Reservation values and regret in laboratory first price auctions: Context and bidding behavior
Elizabeth Watson and
Theodore Turocy ()
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Elizabeth Watson: Trinity University
No 11-14, Working Paper series, University of East Anglia, Centre for Behavioural and Experimental Social Science (CBESS) from School of Economics, University of East Anglia, Norwich, UK.
Recent papers hypothesize that an asymmetry in regret motivates aggressive bidding in laboratory first-price auctions. Subjects emphasize potential earnings foregone from being outbid. Proposed motivators of this asymmetry include the one-to-one relationship in the auction between winning and positive earnings and the ex-post knowledge that bidders who do not win the auction know they earned less than the winning bidder. We design a novel implementation of the first-price auction environment in which these characteristics are not present, while leaving unchanged the expected-earnings maximizing bidding strategy against any fixed beliefs about the bidding behavior of others. Bidding is significantly less aggressive in this treatment. These findings support the hypothesis that aggressive bidding is motivated in part by features of the protocol for incentivizing subjects which are not essential to the auction environment.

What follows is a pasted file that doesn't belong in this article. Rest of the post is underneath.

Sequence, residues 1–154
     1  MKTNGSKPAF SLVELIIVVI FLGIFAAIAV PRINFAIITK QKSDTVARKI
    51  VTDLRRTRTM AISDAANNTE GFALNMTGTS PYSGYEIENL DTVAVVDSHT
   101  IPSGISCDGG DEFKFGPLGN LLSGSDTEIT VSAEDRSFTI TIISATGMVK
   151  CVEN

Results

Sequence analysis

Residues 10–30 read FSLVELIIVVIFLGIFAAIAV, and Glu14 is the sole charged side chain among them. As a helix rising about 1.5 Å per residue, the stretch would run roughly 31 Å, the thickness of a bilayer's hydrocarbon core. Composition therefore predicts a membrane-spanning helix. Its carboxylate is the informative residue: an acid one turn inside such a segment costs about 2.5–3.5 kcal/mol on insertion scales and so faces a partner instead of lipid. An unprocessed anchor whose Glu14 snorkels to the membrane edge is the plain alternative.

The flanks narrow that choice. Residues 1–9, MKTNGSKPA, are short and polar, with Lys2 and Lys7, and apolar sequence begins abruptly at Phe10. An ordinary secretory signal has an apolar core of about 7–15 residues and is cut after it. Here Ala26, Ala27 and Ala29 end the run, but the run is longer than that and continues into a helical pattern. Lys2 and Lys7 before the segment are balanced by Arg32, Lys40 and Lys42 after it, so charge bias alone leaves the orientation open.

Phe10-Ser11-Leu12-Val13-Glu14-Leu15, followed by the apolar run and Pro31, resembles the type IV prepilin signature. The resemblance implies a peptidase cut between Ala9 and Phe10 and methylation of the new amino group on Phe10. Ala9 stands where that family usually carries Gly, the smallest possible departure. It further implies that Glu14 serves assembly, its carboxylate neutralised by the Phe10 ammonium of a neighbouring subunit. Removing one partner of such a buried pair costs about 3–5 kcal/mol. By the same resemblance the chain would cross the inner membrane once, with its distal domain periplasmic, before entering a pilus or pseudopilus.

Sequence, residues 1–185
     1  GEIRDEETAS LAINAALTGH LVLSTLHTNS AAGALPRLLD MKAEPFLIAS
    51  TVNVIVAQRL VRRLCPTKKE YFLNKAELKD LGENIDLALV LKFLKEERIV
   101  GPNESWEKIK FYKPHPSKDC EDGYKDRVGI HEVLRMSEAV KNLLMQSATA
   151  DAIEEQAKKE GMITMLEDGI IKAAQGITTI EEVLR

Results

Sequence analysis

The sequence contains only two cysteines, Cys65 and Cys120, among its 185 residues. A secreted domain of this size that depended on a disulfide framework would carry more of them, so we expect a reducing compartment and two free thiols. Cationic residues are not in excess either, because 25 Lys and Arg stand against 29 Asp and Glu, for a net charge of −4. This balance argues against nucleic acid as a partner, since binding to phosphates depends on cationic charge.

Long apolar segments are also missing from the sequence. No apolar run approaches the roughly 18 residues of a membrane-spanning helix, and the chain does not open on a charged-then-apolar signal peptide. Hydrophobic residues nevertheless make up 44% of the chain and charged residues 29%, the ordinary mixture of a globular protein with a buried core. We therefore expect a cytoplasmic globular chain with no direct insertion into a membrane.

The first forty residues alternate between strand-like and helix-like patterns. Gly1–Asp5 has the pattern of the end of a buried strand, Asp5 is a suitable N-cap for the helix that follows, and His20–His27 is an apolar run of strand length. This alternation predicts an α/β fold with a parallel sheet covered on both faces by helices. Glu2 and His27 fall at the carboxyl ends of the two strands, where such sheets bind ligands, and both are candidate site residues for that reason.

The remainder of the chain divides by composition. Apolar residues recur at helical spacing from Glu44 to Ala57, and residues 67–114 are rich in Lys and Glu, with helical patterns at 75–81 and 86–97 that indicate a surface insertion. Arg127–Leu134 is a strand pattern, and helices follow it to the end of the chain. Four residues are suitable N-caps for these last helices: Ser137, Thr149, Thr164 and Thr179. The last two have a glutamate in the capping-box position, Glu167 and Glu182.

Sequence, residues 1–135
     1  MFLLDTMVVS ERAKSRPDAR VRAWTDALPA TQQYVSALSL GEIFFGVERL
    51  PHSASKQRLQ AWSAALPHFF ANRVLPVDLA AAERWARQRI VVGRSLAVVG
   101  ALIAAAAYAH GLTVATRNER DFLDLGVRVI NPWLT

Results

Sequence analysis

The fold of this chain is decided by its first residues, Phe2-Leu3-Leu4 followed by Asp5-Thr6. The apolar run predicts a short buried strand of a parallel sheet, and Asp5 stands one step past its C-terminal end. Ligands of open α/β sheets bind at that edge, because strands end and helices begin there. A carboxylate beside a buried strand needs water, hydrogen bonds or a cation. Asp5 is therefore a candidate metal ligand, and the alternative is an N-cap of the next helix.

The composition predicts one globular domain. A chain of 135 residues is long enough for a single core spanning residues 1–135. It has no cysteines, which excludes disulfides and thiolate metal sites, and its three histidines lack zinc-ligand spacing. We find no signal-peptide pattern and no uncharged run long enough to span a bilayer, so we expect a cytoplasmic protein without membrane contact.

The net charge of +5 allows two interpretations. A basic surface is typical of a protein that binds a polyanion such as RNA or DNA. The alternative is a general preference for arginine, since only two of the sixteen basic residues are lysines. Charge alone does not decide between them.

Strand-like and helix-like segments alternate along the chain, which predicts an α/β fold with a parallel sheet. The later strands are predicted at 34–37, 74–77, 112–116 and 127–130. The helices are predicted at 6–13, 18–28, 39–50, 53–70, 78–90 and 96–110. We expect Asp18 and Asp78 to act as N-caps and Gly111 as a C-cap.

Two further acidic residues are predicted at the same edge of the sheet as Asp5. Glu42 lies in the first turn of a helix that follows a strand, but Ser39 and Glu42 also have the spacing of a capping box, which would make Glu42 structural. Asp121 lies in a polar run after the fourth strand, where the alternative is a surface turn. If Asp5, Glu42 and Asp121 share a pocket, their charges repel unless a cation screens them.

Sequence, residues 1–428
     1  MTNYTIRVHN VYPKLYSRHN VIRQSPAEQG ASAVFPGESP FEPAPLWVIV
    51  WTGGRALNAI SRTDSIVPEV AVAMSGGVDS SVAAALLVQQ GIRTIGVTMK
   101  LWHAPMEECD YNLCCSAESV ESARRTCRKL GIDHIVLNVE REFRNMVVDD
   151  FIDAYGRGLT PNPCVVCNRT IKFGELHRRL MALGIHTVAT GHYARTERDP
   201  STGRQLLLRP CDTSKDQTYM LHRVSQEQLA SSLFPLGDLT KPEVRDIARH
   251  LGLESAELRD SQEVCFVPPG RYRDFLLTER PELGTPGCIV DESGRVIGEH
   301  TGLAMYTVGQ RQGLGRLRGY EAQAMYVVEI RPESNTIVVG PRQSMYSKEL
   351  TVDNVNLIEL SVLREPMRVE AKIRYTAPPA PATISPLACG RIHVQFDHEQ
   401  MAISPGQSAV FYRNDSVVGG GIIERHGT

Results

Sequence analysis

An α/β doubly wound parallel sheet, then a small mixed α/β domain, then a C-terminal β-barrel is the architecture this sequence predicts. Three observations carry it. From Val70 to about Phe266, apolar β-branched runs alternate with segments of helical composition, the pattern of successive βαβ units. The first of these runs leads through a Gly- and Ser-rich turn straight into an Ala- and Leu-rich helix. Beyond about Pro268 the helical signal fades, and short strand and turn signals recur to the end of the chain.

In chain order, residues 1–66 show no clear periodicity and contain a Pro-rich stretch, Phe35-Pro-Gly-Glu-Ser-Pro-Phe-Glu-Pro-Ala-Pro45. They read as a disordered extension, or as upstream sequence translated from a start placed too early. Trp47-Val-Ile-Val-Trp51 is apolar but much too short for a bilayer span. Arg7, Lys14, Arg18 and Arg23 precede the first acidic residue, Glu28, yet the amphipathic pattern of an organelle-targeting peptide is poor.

Keywords: Auctions; regret; experiments (search for similar items in EconPapers)
JEL-codes: C90 C91 D44 (search for similar items in EconPapers)
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Journal Article: Reservation Values and Regret in Laboratory First-Price Auctions: Context and Bidding Behavior (2012)
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